Church of St Cosmas & St Damian Sherrington
The Parish of Sherrington is a wonderful village with a population of about 60. In the parish church of St Cosmas and St Damian, we hold six services a year covering the main church festivals, including a Matins and a united Team service of Evensong which are always well attended. We also say Morning Prayer every Thursday in our beautiful church, a perfect way to start the day.
The Church fabric, repairs, insurance and electrical costs are generously covered by the ‘Friends of Sherrington Church’, without whom the continued running of our active church in this small village would not be sustainable. Our charming Grade 1 listed church with historic painted wall-texts and some very antique stained glass widows is also available, and used, for various Village Meetings.
Although a smaller village, Sherrington has continued to mark the major seasons of the Church. In 2019 during Lent we held Evensong, led by Katherine Venning the Team Lay Reader, and Easter saw Jane Shaw, one of our clergy leading a children's activity day on Holy Saturday, making an Easter Garden to display at the Easter service, and also decorating Easter cards. Our Easter Day Eucharist, also conducted by Jane, was very well attended and the church looked lovely, with masses of local daffodils. Ascension Day was marked with a Team service in the evening, led by Rev Ali Morley and the choir, and the service was followed by sparkling wine and nibbles, to complete the festive atmosphere.
Sherrington is built around spring-fed old water cress beds overlooked by thatched cottages; it is the jewel in the Wylye Valley crown. The mix of residents is very varied - retired, working from home or commuting elsewhere. Several have homes elsewhere so it is a week-end paradise for some.
We welcome you to Sherrington, and would love you to join us at one of our services or events. Our parish church provides gentle place where all people can connect with God in the peace and quiet, and in the beauty of God’s creation in which we are situated.
Why not visit our village for a gentle stroll and enjoy watching the Kingfishers and our resident pair of Mute Swans. Take the weight off your feet and enjoy a sit in our churchyard where in the evenings a communal roost of up to twelve Little Egrets can be seen and a pair of Water Rails lurk in the reeds.
All are welcome to our village and church, and we hope that you find rest and peace in God to refresh you as you go on your way in life’s journey.
We know that there was a minister here in the 12th century, a man named Odo of Cerintonia, who was also known as a writer of fables. The earliest part of the current church, however, dates to the 13th century. The dedication to St Cosmas and St Damian is rare in England; there are just 5 churches in the country bearing this dedication. Cosmas and Damian were Syrian brothers, and the patron saints of travellers and healing.The earliest feature of the church is the font, but there is more to the font than meets the eye. Behind the font, leading under the church towards the moat surrounding the castle motte is a channel, or drain. In 1959 restoration revealed a skeleton in the drain channel. An odd place for a burial indeed, but perhaps the skeleton predated the church and was that of a murdered man thrown into the ditch. We simply don't know but it adds a bit of mystery!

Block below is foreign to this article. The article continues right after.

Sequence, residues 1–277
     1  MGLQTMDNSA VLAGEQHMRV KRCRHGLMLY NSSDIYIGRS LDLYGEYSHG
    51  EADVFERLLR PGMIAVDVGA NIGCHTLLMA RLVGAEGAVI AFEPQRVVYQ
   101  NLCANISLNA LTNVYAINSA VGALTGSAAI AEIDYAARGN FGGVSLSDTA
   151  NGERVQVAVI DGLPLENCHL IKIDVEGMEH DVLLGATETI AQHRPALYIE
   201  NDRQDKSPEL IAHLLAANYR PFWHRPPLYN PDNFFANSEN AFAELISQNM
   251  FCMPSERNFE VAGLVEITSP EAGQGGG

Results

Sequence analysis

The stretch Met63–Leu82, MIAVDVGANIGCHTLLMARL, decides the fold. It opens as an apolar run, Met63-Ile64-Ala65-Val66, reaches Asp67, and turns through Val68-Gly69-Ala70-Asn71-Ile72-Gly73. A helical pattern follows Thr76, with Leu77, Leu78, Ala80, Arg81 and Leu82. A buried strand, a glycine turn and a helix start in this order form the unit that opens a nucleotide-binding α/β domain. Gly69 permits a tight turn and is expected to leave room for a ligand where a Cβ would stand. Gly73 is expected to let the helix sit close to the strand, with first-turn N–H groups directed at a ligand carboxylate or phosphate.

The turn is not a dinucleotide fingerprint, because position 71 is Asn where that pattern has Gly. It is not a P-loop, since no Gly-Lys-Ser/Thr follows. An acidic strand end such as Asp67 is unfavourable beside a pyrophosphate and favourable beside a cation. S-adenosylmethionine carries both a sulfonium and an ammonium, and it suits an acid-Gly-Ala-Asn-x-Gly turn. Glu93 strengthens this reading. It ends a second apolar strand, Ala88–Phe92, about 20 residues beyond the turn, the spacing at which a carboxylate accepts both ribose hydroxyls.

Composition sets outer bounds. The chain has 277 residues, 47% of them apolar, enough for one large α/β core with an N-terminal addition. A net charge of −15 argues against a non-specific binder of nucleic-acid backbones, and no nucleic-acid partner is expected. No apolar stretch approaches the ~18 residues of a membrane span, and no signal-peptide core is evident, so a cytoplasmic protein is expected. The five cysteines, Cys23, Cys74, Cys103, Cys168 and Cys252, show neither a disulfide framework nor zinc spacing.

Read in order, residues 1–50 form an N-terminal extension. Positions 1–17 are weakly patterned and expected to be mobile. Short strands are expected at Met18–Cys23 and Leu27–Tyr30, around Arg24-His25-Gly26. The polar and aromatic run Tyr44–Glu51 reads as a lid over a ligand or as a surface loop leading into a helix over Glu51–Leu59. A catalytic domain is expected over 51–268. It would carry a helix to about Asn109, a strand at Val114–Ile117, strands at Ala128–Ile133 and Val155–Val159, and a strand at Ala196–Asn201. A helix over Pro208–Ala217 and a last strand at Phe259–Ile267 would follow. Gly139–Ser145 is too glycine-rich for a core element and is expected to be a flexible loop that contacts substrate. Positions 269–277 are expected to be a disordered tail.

The church was rebuilt in 1624, and the interior is like a time-capsule of Jacobean style, with a waggon roof, carved bench ends, and communion rails. When the church was restored in 1959 a skeleton was found in a hollow under the organ. This was probably the remains of a Tudor rector named John Carter (d. 1554) whose will asked that he be buried 'in the Chauncell of Cosme and Damian'.
The pulpit is late 17th century, and if you open the door you can see, set into the interior wall, tablet with the initials G.I. and the date 1614. There is an amusing storey attached to the pulpit; apparently the door had to be widened because it was too narrow for a rector named Mason Anderson. He must have been a large man, for he had a hole made in the floor of the nearby rectory so that he could be winched up to bed each evening, seated in a chair.
On the walls are a series of Jacobean texts, surrounded by pillar and scroll decoration. These texts were used in Tudor and Jacobean churches as a form of religious education, replacing the imagery of medieval paintings. Sherrington church possesses an unusually complete version of the Jacobean text.Entering the chancel the two westernmost windows hae lovely 14th century glass, gathered here from around the church. You can make out a figure of St John the Evangelist among the fragments. Elsewhere are 5 panels of medieval glass brought from the European continent. One roundel behind the altar shows St Rosalie of Palermo, with an inscription describing her as 'Patroness against the Plague', a reminder of how big a role the deadly plague played in medieval life.
Among the historic monuments in the chancel is a grave slab, obscured by the altar table, to William Hobbs, who died in 1670. There is a royal coat of arms to Queen Anne, and a 17th century needlework cross of Spanish workmanship.
Over the south porch is an heraldic shield to Thomas Lambert of Boyton, who owned the estate from 1608.
Credit: Editor David Ross http://www.britainexpress.com/counties/wiltshire/churches/sherrington.htm
Photographs of Church of St Cosmas & St Damian Sherrington (click an image for a slideshow of larger images)